Ring Main Spur Outlets over Sink Drainer

14 Jun 2007
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United Kingdom

My sister has bought a flat which has a very small kitchen and what I think is a dodgy electrical installation. The sink is in the corner of an L shape arrangement and has a gas boiler overhanging the end of the sink drainer. A switched fused spur outlet (feeding the boiler) and non-fused switch spur (feeding the cooker via a BS1363 outlet located under the sink) are located above the drainer. To make matters worse, the sink has a mixer tap that can be moved around over the drainer and opposite the switches. Is this legal? If it is it just looks plain wrong!

There are two double socket outlets near the sink - one about 400mm from the sink and the other about 400mm from the drainer but because the sink drainer is right in the corner of the 'L' it would be easy to use the sink and socket at same time (if stupid enough to attempt this). Again - is this legal? I can think that it would be easy enough to replace the latter socket with a blanking plate (leaving only two double sockets in the whole kitchen) but cannot think of any way of dealing with the spur switches. Is it possible to buy an off the shelf cover to give the switches protection against splashes? The switches are flush mount so buying IP65 rated switches (with their back boxes) is not a suitable option. Another thing I could do is build a protective box over the switches but this just seems wrong as it would hide the switches and if easily removable could be taken off and left off. Any advice would be appreciated as there are only two further options - redo the kitchen (nightmare!) or tell my sister to be careful (bigger nightmare!).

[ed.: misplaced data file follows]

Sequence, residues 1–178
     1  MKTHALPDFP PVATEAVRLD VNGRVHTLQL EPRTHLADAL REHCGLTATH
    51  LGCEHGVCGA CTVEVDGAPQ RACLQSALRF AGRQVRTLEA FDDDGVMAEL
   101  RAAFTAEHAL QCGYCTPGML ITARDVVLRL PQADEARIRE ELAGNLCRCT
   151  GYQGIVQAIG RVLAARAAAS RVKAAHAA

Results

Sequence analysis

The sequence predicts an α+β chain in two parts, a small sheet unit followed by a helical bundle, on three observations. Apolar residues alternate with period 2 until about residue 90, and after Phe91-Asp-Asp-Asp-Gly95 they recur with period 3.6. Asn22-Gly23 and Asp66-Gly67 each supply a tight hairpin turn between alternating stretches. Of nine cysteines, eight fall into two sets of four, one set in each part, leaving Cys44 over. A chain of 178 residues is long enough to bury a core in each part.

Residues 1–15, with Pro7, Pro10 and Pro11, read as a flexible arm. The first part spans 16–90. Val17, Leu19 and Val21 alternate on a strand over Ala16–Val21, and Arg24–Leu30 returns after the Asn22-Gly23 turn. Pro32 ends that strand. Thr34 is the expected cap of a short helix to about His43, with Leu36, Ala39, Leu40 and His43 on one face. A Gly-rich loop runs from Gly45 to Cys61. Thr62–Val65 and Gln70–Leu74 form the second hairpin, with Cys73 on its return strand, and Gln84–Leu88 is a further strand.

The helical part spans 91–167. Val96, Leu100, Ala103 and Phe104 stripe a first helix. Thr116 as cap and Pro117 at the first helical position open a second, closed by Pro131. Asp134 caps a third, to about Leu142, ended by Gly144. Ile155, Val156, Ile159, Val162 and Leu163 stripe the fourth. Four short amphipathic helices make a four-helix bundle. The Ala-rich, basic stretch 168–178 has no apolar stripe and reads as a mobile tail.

The only saving grace is that the kitchen ring main is protected by an RCD in the distribution box.
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This topic has been covered numerous times, go to search, type "socket sink" in the top right hand box and you will find what you are looking for.
I hope the search was fruitful.

As a rider - if you are concerned about safety, it may be worth making sure that the circuit is fitted with an RCD. It should be if it is a recent installation.
This would give belt-and-braces safety trip. Do note that installing an RCD should not be considered a cure-all :!:
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Thanks for the replies. I had hoped there might be a difference in regulations between a spur and socket outlet in terms of sink proximity but apparently not. :cry:

It means some kitchen modifications are called for and I've been thinking how to get this done at minimum cost. Would it be ok to remove both spur plates over the drainer, leave the backbox wiring in place (i.e complete ring main using 30A terminal strips), then cover the boxes with blanking plates making sure these were adequately sealed? There would be no way of splashing the electrics then. This would cut the job down to replacing one of the double sockets with two new spurs. The alternative means lifting floor tiles, floor boards so on and so forth.......

The kitchen ring main is protected by an RCD so I doubt anything bad could happen but electrics over a drainer looks so bad I can't ignore it!

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